This year’s Easter egg hunt revealed more about the parents than it did about the kids, as Emily Jade cracked down on egg welfare.

Our family Easter egg hunt this year inadvertently showcased the very different parenting styles of my relatives.

My house won the rights to host Sunday lunch and as I have a small, quiet park at the end of my street, I decided the Easter egg hunt could take place at this picturesque location. Unleashing 12 eggs-tremely keen cousins on this park made it anything but picturesque for a fast fifteen minutes of furious egg collecting, but it wasn’t the kids who were in heated and uncomfortable discussions — it was the parents, as we negotiated what would be a fair hunt.

Millie is only three and until this year was pretty much petrified of the big old Easter Bunny, so it was my first time as a parent orchestrating an egg hunt, and I had no idea there were rules to this magical moment. As the parents and kids descended on the park, talk turned to hunt rules and making the collection fair, and I started to wonder if it was an AFL game I was about to referee.

Suggestions came thick and fast and all seemed reasonable, but for some reason didn’t sit comfortably with me. Suggestions like:

  • Big kids have a five minute handicap before they can start so that the smaller children have a chance before the older ones, with more searching skills, swoop.
  • Each big kid must be partnered up with a smaller one so they can search together and share.
  • Create a base. Each child must return to it once they have collected five eggs, stay until all the kids have returned, and then set out again.
  • It doesn’t matter how many eggs you collect, at the end they will all be shared out evenly anyway.

Whilst I understood the motivation for no child to miss out and to learn the art of sharing, mean old me decided as the umpire of the egg hunt that I didn’t want to create an egg welfare system. It was going to be a free-for-all and whoever had the most won. My reasoning? That’s life!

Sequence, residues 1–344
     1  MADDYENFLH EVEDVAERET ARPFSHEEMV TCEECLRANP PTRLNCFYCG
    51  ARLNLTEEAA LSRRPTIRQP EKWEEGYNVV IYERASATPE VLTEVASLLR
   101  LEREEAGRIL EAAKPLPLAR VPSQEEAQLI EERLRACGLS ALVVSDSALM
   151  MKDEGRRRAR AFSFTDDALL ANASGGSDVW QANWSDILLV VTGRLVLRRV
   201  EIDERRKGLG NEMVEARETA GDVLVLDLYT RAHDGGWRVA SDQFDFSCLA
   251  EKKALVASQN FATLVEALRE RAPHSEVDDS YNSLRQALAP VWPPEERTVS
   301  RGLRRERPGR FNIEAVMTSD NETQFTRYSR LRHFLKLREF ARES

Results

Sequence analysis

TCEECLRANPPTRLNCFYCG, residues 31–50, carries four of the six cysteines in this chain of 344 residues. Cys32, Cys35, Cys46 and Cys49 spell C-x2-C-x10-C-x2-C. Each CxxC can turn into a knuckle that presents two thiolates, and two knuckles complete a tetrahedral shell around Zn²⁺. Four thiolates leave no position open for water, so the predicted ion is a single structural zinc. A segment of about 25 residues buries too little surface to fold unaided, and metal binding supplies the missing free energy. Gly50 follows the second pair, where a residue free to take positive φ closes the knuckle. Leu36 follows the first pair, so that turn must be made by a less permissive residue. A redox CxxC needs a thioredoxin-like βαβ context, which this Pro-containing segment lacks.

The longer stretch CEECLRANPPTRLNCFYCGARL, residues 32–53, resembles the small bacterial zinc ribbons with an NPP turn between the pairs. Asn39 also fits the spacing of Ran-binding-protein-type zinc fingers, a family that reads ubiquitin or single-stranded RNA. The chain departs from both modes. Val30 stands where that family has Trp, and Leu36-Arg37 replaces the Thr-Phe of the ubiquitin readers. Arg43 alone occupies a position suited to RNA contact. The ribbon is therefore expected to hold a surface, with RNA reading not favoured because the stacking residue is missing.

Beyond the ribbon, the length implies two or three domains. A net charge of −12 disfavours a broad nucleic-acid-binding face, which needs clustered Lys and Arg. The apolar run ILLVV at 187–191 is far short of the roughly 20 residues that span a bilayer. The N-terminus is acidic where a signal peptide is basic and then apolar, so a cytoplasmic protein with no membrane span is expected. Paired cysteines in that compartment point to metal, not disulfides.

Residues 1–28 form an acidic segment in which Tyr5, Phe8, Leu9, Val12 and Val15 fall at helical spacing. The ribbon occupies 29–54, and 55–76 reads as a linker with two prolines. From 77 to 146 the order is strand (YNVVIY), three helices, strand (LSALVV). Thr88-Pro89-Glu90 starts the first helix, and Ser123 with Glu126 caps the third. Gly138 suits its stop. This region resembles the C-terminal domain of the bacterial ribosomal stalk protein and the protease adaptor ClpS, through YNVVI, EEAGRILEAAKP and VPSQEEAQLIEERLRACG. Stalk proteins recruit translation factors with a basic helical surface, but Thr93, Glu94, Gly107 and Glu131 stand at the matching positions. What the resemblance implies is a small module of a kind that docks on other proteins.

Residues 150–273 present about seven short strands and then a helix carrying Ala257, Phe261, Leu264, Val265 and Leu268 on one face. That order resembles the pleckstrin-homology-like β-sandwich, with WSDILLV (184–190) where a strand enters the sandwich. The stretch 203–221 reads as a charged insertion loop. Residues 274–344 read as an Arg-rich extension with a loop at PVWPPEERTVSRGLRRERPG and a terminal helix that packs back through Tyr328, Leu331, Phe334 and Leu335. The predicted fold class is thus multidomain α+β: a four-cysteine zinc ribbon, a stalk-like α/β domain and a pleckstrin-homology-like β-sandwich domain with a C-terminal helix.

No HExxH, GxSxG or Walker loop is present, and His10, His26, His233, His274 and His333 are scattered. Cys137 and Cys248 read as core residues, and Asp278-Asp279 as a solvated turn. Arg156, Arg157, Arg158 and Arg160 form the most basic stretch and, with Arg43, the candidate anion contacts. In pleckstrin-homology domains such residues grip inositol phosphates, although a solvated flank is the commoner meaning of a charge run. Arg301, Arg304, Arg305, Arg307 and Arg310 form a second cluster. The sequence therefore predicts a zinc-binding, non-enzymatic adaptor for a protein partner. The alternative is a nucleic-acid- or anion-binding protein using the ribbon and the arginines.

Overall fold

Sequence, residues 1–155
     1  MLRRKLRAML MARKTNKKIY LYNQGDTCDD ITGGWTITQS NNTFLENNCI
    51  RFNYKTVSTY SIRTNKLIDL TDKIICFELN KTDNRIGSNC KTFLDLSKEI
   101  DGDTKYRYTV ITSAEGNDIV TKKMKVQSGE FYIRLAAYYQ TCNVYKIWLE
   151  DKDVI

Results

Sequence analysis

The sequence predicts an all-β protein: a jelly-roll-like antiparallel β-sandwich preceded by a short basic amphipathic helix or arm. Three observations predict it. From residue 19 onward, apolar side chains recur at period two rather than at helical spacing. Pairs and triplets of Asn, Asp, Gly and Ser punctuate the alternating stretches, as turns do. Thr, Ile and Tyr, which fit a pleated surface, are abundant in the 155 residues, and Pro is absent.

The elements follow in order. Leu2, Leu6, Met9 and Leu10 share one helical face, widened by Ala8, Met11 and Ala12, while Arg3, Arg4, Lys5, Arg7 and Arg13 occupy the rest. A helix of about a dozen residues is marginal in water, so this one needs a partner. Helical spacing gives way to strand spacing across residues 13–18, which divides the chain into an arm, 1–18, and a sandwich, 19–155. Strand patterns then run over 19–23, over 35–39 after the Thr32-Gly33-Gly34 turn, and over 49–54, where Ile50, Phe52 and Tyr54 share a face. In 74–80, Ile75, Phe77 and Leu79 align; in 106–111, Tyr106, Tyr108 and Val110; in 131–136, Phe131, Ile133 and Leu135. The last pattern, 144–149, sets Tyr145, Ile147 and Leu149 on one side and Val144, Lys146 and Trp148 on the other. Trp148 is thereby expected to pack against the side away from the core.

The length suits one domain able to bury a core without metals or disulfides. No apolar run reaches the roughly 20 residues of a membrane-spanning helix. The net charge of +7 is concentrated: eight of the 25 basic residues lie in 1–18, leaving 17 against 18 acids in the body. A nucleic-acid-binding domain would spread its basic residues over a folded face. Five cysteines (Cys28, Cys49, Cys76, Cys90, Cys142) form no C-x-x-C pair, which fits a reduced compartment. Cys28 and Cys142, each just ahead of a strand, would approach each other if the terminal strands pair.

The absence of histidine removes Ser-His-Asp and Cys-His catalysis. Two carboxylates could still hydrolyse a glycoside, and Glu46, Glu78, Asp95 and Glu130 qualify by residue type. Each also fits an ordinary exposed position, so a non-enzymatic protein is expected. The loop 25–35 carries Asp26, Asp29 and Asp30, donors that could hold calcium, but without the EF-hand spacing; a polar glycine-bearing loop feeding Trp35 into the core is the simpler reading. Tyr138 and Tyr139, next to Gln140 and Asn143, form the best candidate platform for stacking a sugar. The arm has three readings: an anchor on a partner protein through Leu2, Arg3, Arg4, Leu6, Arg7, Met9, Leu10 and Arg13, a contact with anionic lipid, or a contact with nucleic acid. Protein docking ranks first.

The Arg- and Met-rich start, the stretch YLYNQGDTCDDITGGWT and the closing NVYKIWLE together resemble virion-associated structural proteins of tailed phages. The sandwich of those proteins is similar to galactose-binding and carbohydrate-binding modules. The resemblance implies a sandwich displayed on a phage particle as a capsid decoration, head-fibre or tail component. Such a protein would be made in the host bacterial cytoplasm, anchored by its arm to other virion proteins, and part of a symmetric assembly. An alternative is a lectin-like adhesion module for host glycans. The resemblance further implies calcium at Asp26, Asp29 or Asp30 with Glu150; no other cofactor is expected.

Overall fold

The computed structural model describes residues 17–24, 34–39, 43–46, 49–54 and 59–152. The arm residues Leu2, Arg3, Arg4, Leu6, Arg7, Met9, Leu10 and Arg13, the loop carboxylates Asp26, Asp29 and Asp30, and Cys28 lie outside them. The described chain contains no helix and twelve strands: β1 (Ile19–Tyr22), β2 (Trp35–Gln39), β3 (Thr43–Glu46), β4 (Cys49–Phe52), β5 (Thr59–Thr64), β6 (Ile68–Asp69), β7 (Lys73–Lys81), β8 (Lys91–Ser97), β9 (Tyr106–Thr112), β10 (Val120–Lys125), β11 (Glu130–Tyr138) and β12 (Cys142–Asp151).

There will always be someone bigger, faster, and better, and this hunt could be a lesson in life for our offspring. Not only that, but big kids eat more chocolate and each child would naturally collect the amount appropriate for their consumption size. I didn’t want Millie eating her body weight in chocolate and then dealing with the toddler sugar high and nightmarish low.

My egg hunt style revealed that I fall in the category of parent that hates putting a gift in every wrapping of pass the parcel, not keeping the score in a five-year-old’s soccer match, and seeing kids get certificates of participation when they came dead last.

I wanted to arm my child with the reality of life, to learn resilience, to be happy with what they have or work harder next time. Other parents in my group wanted to hold hands and sing ‘Kumbaya’… or, to put it more charitably, they wanted to teach the art of sharing and learning to be fair.

At the end of the day we all agreed that both were important lessons to learn but it was what unfolded during that egg hunt that surprised and delighted us all. With no rules in place at all, the kids went hell for leather — but the big kids stopped and helped, and all of them shared at the end anyway.

Sometimes we just don’t give our kids enough credit. We should.